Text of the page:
Where will future economic growth come from? With high debt and bad demographics, you may worry. But the world is brimming with more untapped potential than you may realize.
This is a thought exercise to show how much potential the world has but chooses not to unleash because of social norms. It's not a serious proposal because it could never realistically happen, since people like their social norms.
Economic growth happens when 1) the working population grows, and 2) people share ideas and learn how to do things more productively. After practicing the two for several thousand years the world has figured out how to produce about $78 trillion of goods and services every year.
That's impressive. But it might be $100 trillion short of what we should be producing.
That shortfall comes from two social barriers:
- Women make up a disproportionately low share of the workforce, especially in the developing world.
- Immigration control prevent workers and thinkers from moving to where the opportunity is.
A bunch of different research added up how much these two social restrictions cost the world economy. In aggregate, it could be more than $100 trillion per year.
To get to $100 trillion you have to envision a world where there are no borders, and anyone can freely move to any country they want. You also have to envision a world where child care is universally a paid occupation, rather than provided by a nonworking parent.
Neither will ever happen.
But, again, this is an exercise in seeing what people are capable of, not what we should expect them to do. The benefit of this kind of exercise is realizing that the world has far more potential than it's currently realizing, even if the opportunity is a fraction of $100 trillion.
Here's how the numbers work out.
Women make up half the world's working-age population but generate only 37% of GDP, according to a lengthy report by the McKinsey Global Institute.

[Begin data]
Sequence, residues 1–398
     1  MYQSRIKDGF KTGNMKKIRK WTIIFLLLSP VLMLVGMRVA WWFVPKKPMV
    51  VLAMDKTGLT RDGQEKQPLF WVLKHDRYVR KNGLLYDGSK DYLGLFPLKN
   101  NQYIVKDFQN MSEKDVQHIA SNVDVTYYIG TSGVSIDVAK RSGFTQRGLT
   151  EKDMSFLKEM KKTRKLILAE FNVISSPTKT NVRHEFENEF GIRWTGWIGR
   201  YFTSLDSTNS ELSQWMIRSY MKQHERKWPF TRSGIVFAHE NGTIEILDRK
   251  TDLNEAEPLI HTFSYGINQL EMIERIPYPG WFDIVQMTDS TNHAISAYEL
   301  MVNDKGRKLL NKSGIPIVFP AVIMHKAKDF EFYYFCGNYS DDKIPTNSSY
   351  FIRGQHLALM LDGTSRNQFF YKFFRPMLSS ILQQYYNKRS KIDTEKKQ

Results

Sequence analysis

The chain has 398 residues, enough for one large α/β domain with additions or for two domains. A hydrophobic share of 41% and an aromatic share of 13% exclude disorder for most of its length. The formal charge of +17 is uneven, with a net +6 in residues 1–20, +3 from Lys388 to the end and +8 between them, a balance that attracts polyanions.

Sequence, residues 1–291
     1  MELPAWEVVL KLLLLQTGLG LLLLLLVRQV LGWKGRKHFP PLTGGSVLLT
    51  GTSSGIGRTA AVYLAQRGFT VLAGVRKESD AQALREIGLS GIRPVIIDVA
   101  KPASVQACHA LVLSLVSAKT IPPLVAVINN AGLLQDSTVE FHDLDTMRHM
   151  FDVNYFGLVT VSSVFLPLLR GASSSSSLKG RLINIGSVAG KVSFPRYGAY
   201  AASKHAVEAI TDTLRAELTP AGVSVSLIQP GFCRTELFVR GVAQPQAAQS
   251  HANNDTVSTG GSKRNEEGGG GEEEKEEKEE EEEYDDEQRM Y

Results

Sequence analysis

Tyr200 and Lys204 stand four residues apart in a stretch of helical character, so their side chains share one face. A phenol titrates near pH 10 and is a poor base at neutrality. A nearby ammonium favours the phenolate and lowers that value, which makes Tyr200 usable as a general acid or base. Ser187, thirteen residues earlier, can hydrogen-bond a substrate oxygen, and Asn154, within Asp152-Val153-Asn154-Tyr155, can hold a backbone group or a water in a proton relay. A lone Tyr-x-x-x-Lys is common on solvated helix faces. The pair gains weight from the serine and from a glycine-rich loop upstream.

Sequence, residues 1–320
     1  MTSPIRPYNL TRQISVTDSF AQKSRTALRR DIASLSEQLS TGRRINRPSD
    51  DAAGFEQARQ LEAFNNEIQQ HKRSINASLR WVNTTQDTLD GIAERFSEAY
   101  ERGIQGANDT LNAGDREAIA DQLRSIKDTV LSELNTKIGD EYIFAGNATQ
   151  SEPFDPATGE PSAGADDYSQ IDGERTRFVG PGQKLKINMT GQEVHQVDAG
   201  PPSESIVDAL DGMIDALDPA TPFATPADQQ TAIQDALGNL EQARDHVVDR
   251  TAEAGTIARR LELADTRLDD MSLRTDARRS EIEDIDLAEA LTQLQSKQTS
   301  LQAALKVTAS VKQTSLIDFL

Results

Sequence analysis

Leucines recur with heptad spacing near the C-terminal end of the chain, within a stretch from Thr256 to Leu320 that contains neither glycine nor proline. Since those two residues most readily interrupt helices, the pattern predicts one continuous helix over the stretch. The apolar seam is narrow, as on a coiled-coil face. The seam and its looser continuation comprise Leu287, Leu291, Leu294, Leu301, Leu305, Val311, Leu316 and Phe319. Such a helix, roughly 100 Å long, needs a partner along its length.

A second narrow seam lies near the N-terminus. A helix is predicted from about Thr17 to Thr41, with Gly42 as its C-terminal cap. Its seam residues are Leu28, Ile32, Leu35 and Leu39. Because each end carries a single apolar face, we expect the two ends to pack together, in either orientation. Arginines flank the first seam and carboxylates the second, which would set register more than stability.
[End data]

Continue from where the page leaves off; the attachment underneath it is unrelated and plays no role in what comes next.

The gap comes from a lower share of women working outside the home, and wage inequality when they do. It's really extreme in parts of the world: Women contribute just 17% of GDP in India, 18% in the Middle East, and 24% in South Asia.
McKinsey calculated what would happen if all women participated in the workforce, worked the same hours, and earned the same wage as men. The answer is that global GDP would rise by $28 trillion, or the equivalent of two United States. Realizing how far-fetched this is, it calculated what would happen if every country achieved the same gender equality as the most equal parts of the world, like Western Europe. Doing so would add $12 trillion to the global economy, which McKinsey points out "is equivalent to the current GDP of Japan, Germany, and the United Kingdom combined."
Japan is an interesting example itself. Its economy has been stagnant for decades, largely because its ageing demographics mean a shrinking supply of workers. It also has a low share of female labor participation – 49% versus 57% in the United States. Goldman Sachs calculated that bringing Japan's female labor participation rate up to that of males would add eight million Japanese workers to the payrolls and boost GDP by 15% -- enough to solve a lot of its slow-growth problem.
Remove all global borders and all immigration restrictions and global GDP could literally double, adding about $80 trillion to the economy, according to economist Michael Clemens.
How? Consider two things.